I want to transform fundraising into something that feels more like ministry and less like selling used cars. I know it enables students to be part of life-changing ministry, but with the time and effort that most youth ministers put into fundraising, there has to be a way to make it more than earning money to go on a trip.
And, there is. The clue comes from our historical founding celebri-pastor John Wesley. While he never participated in a car wash (I guess it would be a horse wash in his case), his externally-focused, culturally-engaged life in ministry provides just what we need to make our fundraising transformational.
One of the major issues in his time was the horror that was American slavery. Did he ignore the touchy subject and stick to coming up with new ways to memorize scripture? Did he ignore his influential place as a leader of a huge group of Christians? No. He spoke into those situations in his roles as a pastor and as a Christian. In fact, he engaged with big issues until his very last days sending a letter to a member of parliament shortly before his death saying, “O be not weary of well doing! Go on, in the name of God and in the power of His might, till even American slavery (the vilest that ever saw the sun) shall vanish away before it.”
Wesley was constantly engaged in the world working to translate the theological realities into practical, actionable expressions in everyday life.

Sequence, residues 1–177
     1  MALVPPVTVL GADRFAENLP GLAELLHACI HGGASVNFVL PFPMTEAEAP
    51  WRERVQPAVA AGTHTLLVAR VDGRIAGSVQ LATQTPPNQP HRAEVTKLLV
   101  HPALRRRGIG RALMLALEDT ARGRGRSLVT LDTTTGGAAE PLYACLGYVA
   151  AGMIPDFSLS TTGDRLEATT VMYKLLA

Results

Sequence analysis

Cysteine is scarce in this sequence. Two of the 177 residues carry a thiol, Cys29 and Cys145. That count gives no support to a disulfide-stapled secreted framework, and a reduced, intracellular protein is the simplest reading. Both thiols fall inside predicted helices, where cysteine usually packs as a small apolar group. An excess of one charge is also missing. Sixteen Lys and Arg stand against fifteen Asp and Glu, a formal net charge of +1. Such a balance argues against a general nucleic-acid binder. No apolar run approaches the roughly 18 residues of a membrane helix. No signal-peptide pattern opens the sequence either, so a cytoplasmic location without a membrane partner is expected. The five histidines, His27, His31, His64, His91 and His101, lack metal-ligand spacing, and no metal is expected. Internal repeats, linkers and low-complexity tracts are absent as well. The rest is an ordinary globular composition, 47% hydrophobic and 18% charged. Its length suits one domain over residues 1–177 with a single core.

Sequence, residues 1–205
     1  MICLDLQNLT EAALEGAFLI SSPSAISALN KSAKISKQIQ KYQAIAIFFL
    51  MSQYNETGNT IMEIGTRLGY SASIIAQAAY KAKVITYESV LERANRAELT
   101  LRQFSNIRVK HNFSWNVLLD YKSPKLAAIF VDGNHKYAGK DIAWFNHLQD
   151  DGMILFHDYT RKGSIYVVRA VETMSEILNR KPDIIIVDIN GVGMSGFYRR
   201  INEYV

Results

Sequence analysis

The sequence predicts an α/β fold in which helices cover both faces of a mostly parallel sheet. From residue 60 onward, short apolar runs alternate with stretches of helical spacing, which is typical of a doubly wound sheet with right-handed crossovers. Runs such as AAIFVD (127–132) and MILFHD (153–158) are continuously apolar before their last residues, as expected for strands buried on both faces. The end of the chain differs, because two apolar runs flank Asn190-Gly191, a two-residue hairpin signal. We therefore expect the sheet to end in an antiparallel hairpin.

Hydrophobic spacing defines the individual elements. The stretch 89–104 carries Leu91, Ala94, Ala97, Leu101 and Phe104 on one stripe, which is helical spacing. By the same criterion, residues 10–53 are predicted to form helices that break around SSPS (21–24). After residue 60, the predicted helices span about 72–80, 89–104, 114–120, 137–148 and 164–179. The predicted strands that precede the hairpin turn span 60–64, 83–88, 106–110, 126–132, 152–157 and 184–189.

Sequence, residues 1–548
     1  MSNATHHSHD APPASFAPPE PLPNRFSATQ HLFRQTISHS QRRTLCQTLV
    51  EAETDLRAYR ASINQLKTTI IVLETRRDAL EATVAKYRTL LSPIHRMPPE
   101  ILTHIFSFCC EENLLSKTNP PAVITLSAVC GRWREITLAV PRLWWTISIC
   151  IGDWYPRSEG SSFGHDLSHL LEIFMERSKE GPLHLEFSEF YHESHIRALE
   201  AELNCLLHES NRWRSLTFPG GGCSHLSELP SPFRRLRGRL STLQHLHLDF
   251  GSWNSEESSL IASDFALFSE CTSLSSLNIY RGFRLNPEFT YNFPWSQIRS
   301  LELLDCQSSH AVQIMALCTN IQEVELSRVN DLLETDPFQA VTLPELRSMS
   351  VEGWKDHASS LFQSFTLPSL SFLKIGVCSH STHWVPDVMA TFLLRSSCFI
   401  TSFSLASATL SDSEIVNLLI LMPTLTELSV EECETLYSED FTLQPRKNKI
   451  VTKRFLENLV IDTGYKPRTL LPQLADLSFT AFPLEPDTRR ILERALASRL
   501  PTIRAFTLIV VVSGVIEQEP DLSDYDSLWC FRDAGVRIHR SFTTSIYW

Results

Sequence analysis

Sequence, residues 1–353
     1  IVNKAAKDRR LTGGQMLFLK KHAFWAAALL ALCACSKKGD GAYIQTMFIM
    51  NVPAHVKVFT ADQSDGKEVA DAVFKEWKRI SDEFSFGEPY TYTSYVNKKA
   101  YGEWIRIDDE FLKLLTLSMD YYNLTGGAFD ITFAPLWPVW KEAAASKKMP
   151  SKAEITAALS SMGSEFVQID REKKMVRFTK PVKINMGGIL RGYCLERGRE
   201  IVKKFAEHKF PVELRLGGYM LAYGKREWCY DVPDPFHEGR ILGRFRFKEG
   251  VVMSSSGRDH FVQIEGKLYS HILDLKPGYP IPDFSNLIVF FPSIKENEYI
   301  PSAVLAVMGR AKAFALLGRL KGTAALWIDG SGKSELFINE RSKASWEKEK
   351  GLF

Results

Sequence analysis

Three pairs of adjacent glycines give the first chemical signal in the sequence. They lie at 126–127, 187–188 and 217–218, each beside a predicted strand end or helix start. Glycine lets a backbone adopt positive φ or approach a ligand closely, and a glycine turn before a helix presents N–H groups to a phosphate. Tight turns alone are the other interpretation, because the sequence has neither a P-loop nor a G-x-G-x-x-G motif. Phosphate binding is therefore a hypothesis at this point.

What does that have to do with your upcoming pumpkin patch? What if your pumpkin patch was not just about reinforcing our culture’s pervasive individualism and selfishness? What if all the proceeds didn’t go to your kids? What if more than half of them went to bring mosquito nets to countries trying to stop malaria or help provide clean drinking water to people in the developing world? That would completely change the drive behind these events.
If we can lift our eyes above the horizon of our own interests, we can make these time-consuming efforts change our world. We can teach our students that our faith is about more than our own summer plans and give them a practical, actionable way to live out the call of God to act justly, love mercy, and walk humbly with our God. Not only that, I believe that when you capture your students’ passion to change the world you’ll end up having a more profitable fundraiser than if you were having to drag them along so they could pay for a trip.